The Court also refused to take into account the applicant’s “achievements in the field of legal profession and social activities and his continued detention in jail for a long period.”

The bail order may be read here:


Vernon Gonsalves (Cri. B.A. 3007/18)

The Court held that there is prima facie case that the applicant was involved in recruiting cadres for the banned organization and that he was its senior active member. The Court did not take into account the applicant’s achievements in the field of academics and his continued detention in jail for a long period.

The bail order may be read here:


Sudha Bharadwaj (Cri. B.A. 428/19)

Significantly, while the Court, albeit keeps mentioning that it will not analyse the documents in detail, it does however delve some such details: the court makes observations, for examples in the rejection of bail order in the Sudha Bharadwaj case, where the Judge affirms the prosecution’s specific submission with respect to an email, which stood to invalidate documentary evidence of the prosecution stating that the email “does not refer to IAPL meeting specifically but refers to a discussion among a few of them named in the email.” The court even invalidated one of the documents of the prosecution as it was not corroborated and was in fact in contradiction to its own evidence. The court even concluded that it was on the basis of an unaddressed letter that the applicant was being held guilty of being involved in guiding new recruits.

Still, the Court concluded that the applicant was involved in recruiting members and was active member of the banned organization. The Court refused to take into account “her academic record, achievements, social work, family background, health issues and her continued detention in jail for a long period”

The bail order may be read here:


Common conclusion in all orders

The Court itself stated that the main offences invoked in the charge sheet can be attributed to the banned organization and also concluded that the three activists were part of the larger conspiracy as they were abetting commission of such offences. The Court also concluded that the applicant was a member of the banned organization and denied bail to the three activists based on the bar imposed by Section 43D(5)[11] of the UAPA.

Our inference

This particular case has garnered a lot of attention as it has incarcerated some prominent social activists on accusations of being involved in a war against the State and a large conspiracy. The High Court, while stating that it is only drawing prima facie conclusions , has in fact taken into account detailed submissions from either side with respect to the evidence submitted by the prosecution; and has, despite having taken cognizance of factors that were in favour of the applicants, not based its final decision on any such factors. The documents relied upon were not found in the possession of any of the applicants and many were held to be unreliable even in the technical sense. Despite apprising itself of the many preceding judgments in various aspects in the defence of the applicants, the same have been given little regard to by the Court in its final decisions.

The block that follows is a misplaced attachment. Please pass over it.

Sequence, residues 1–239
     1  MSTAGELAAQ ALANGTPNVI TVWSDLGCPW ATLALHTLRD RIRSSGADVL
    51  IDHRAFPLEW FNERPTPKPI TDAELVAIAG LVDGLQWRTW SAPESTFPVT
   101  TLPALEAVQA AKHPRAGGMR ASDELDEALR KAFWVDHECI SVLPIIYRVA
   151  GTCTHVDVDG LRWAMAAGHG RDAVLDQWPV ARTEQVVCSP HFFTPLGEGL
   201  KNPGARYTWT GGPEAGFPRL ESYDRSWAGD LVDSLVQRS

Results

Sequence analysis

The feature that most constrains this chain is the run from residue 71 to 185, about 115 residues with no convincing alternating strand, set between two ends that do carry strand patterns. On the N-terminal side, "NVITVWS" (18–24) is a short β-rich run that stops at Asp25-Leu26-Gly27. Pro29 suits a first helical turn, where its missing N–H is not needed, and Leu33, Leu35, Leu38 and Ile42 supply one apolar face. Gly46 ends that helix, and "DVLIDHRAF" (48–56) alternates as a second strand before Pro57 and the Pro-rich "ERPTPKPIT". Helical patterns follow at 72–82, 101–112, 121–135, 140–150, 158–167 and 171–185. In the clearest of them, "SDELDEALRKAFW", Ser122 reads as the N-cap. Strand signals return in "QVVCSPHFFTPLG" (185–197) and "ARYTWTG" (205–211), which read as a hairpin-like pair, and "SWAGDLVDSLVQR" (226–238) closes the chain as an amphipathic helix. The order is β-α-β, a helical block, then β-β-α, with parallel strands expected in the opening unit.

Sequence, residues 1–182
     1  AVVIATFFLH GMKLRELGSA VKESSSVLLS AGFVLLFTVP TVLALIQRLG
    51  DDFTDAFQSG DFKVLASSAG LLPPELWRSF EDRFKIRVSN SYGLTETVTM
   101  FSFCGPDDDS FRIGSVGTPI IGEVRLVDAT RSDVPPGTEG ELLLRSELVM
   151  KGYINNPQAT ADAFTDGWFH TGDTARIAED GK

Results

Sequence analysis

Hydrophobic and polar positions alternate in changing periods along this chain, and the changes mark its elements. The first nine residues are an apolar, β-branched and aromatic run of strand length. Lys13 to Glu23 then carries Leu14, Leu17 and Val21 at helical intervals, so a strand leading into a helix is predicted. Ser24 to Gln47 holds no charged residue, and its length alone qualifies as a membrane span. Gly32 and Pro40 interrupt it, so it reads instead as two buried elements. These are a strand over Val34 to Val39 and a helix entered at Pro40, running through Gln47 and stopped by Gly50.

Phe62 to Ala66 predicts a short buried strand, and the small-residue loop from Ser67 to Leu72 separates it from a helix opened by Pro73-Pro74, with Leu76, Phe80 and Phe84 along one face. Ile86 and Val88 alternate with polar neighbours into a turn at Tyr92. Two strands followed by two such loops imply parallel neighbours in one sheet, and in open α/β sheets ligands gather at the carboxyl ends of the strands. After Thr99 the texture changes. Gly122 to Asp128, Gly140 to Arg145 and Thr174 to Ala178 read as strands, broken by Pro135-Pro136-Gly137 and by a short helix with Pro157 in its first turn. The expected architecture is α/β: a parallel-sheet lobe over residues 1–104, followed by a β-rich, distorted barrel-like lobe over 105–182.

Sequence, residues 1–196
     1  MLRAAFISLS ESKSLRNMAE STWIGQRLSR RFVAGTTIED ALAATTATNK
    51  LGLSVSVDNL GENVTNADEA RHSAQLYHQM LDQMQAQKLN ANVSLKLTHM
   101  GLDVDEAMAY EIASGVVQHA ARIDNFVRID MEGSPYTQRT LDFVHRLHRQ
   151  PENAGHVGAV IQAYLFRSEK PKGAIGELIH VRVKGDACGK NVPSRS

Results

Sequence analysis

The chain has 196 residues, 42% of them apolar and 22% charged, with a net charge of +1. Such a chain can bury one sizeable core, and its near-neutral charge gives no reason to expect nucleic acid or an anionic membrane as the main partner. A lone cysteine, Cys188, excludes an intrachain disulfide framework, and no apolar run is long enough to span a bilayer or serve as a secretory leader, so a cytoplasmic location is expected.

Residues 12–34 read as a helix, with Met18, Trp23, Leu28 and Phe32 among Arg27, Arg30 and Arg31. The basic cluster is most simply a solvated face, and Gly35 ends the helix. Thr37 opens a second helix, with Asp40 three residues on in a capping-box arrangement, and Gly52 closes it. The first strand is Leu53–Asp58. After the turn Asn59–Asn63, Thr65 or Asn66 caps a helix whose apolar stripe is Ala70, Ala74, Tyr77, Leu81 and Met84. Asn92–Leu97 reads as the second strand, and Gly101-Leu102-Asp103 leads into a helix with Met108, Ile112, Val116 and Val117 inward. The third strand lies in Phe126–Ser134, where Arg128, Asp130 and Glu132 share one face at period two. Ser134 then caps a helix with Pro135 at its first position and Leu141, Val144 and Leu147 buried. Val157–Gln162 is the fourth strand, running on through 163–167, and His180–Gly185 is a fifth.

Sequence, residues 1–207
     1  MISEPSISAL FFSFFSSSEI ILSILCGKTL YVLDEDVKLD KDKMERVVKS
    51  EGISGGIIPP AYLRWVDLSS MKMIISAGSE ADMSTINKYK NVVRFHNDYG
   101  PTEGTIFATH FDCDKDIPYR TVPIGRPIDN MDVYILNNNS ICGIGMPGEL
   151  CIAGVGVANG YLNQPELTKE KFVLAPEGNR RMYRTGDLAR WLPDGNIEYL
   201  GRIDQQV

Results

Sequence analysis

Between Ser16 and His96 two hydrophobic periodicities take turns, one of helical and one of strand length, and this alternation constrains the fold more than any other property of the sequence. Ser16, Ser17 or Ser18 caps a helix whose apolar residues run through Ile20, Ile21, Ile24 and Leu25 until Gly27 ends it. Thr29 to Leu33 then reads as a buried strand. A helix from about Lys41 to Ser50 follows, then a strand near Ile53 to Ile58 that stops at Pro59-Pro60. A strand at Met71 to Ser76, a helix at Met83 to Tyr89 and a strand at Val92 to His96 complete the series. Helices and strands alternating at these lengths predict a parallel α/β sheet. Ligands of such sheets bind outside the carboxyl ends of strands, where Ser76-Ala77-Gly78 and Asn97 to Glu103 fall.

What is particularly appalling is that the Court has also reached some conclusions in its orders that will undoubtedly prove prejudicial and seriously detrimental for the applicants during their trial, given the superiority and eminence of the High Court.

*Compiled by Sanchita Kadam


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[1] Decided on 24.4.2019 in Criminal Appeal No.714/2019 (Hon’ble Supreme Court).

[2] State of Madras Vs. Govindarajulu Naidu, AIR 1966 SC 969

[3] Decided on 18.11.2010 in Criminal Misc. Application No.12435/2010 along with other companion matters (Gujarat High Court

[4] Decided on 3.10.2012 in Criminal Bail Application No.1020/2012 a/w Criminal Bail Application No.1066/2012 (Bombay High Court)

[5] (Criminal Miscellaneous Application Nos.12435 to 12437 and other connected applications, decided on 18.11.2010)

[6] (2015) 5 SCC 1

[7] (2019) 5 SCC 1

[8] (2019) 5 SCC 1

[9] (2005) 5 SCC 294

[10] (2004) 7 SCC 528

[11] …Provided that such accused person shall not be released on bail or on his own bond if the Court, on a perusal of the case diary or the report made under section 173 of the Code is of the opinion that there are reasonable grounds for believing that the accusation against such person is prima facie true.

[i] The Elgar parishad meeting held the day before the incidents at Bhima Koregaon took place a day before in Pune city. Bhima Koregaon is way out of the city where, in fact members of the Hindutva  brigade have been caught on video behaving provocatively.